Plastic Emergency Lights are affordable and reliable. We can help you figure out their placement quickly and easily!
It is important to develop a plan for the most effective placement and use of your emergency lights before installation is done. Emergency lighting units are not cheap for any facility owner or manager, not only are you responsible for the cost effectiveness of your building, but you also have to do so according to all government regulations.
In accordance with the numerous emergency lighting requirements that deal with placement, youíre insisted by law to install emergency lights in all areas where personnel are likely to be found, and all egress routes (exit routes/pathways) from the building, up to public area (sidewalks and streets) or safe assembly areas. This inherently means the following areas need to be lighted:
OSHA codes and regulations stipulate that the entire egress route be lighted to a minimum level of 1 candlepower measures at a height of 1 foot above the floor. It is important to consider this at all times before installation of any emergency lighting. The space between lighting models depends on the amount of light (measured in lumens) supplied by that particular lighting unit. As far as the actual light produced is depended on the wattage, voltage and efficiency of the bulb, we cannot provide you an accurate distance between fixtures, because every application calls for a different solution.
Every area where visitors or personnel to the building are to be present must be illuminated by emergency lighting in the event of an emergency or complete power loss to the building. Inherently this means that all corridors to all exits must also be illuminated in conjunction with the exit doors themselves. In addition, walkways on the exterior of the facility leading from those egress points to a public way (sidewalks, streets) or a secure assembly area must also be lighted.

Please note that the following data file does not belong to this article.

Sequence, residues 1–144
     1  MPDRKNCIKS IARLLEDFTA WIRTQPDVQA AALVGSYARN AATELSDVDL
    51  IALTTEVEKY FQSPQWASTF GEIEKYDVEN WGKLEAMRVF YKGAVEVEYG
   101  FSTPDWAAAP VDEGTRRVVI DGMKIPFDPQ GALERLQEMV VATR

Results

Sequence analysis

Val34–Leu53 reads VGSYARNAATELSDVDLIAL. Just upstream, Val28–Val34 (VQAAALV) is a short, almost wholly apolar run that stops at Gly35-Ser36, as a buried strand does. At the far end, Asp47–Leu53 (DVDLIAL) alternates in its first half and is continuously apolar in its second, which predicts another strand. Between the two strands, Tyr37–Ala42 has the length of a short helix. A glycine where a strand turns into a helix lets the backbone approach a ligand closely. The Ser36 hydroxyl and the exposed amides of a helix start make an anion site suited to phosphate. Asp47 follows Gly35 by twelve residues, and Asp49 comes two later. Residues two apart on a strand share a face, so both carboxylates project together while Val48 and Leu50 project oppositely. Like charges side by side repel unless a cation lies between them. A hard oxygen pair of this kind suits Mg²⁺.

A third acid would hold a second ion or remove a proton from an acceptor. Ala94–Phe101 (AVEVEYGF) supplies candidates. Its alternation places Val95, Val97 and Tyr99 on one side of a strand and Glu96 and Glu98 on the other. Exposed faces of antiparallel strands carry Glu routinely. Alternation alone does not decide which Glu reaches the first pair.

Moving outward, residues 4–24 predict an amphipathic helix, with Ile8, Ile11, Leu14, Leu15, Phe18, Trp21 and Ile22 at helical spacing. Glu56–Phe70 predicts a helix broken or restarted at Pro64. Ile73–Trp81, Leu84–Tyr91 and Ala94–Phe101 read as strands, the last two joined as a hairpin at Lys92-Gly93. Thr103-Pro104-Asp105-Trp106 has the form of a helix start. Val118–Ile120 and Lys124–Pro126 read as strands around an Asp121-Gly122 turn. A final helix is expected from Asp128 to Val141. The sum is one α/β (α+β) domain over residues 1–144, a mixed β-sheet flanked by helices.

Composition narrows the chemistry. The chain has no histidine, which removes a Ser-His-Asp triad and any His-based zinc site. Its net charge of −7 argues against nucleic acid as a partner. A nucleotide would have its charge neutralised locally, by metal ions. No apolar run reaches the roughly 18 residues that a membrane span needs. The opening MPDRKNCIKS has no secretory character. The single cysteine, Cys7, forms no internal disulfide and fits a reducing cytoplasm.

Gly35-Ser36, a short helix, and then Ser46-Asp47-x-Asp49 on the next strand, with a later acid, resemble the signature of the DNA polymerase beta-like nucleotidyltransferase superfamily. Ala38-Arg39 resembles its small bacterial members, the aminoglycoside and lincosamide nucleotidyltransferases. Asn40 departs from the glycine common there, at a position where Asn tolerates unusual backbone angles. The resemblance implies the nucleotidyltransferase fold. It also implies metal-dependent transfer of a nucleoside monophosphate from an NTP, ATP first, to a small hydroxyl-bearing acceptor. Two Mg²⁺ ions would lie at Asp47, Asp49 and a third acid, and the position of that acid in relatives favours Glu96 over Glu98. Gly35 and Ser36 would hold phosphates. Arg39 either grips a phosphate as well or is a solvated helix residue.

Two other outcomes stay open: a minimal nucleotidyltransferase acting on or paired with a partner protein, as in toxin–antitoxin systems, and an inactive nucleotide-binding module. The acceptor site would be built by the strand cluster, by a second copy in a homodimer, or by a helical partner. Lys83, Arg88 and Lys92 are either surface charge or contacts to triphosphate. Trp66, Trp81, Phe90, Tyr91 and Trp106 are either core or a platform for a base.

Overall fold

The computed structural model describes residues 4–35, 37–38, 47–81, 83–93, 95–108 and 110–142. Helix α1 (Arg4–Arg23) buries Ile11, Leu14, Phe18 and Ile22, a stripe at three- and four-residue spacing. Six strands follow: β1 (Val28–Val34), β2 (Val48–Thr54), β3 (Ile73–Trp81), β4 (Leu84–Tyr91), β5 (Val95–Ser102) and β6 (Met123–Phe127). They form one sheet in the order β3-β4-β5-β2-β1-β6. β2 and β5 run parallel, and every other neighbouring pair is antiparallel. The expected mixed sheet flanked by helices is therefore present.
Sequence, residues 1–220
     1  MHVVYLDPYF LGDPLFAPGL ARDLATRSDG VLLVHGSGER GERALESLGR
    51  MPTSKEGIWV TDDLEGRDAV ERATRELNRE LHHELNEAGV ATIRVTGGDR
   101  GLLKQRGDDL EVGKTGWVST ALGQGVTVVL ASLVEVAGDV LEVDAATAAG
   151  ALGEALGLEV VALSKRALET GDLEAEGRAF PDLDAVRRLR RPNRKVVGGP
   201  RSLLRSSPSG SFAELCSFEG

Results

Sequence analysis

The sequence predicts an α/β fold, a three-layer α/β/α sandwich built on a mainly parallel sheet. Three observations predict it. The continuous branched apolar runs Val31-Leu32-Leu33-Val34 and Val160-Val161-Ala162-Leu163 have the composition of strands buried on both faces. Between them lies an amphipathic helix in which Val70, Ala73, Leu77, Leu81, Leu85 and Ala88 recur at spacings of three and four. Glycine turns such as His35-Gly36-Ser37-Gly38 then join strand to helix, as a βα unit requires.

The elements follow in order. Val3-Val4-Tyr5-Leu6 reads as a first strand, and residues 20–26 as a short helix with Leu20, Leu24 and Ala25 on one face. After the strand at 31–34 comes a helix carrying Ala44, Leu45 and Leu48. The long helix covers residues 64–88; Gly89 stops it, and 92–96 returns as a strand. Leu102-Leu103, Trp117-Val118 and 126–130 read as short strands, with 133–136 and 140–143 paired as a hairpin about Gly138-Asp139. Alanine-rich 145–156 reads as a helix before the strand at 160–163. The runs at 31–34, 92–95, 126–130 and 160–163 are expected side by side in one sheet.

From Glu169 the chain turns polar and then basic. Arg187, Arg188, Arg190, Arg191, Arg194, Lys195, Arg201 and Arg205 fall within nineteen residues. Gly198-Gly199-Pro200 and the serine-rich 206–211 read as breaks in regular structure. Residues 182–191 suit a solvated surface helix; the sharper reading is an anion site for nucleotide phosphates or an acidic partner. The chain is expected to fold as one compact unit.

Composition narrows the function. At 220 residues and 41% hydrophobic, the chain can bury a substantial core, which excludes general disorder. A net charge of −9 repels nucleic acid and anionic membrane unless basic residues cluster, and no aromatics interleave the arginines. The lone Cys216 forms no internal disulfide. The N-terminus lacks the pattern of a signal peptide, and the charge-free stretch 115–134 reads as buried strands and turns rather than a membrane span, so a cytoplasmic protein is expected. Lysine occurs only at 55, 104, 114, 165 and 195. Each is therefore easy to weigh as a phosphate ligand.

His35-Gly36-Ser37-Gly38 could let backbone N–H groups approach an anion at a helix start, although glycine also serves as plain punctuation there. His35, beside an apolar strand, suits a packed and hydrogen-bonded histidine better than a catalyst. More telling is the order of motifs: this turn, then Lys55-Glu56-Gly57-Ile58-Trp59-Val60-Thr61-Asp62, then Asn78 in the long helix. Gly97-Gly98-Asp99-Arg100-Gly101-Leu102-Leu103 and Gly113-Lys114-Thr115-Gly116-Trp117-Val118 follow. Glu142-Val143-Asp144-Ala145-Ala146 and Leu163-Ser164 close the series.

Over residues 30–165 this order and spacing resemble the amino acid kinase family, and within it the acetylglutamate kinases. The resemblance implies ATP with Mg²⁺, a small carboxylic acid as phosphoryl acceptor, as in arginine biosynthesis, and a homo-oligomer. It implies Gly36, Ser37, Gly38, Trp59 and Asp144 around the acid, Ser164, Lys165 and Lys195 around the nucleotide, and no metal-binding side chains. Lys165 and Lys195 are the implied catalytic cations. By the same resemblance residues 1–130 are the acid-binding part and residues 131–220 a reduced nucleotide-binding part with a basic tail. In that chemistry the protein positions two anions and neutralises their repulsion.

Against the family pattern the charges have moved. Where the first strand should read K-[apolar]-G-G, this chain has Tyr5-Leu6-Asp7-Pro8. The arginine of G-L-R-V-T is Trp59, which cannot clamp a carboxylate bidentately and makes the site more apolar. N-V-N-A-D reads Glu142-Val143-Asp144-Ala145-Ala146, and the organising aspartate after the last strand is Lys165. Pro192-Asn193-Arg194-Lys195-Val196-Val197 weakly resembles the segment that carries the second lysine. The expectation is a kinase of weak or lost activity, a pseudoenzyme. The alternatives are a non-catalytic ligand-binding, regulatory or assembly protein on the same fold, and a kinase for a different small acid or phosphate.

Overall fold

In conclusion any are where people are anticipated to be demands emergency lighting, this can lead to a large number of emergency light fixtures. While offices designed for single occupants may not required to install emergency lighting, they must have the corridor outside of the office properly lit. In Lager Rooms, such as a warehouse or industrial building, perimeter illumination of the room may not be enough. In these applications, lighting units will have to be interspersed throughout the room, either attached to the ceiling or columns.
In warehouse applications, which typically have high ceilings, its more commonsensical to attach the emergency lighting to the storage racks in the warehouse, roughly 10 feet above floor level. This prevents dissipation of the light before it reaches its destination, where it is needed most. Again, careful planning must be taken into consideration before mounting lights to your racks to insure that they will not become damaged during regular operation of the facility.
In corridors, emergency lights should be placed close enough to insure that light from one unit somewhat overlaps the next unit; essentially this will prevent an are from being below the minimum requirement levels.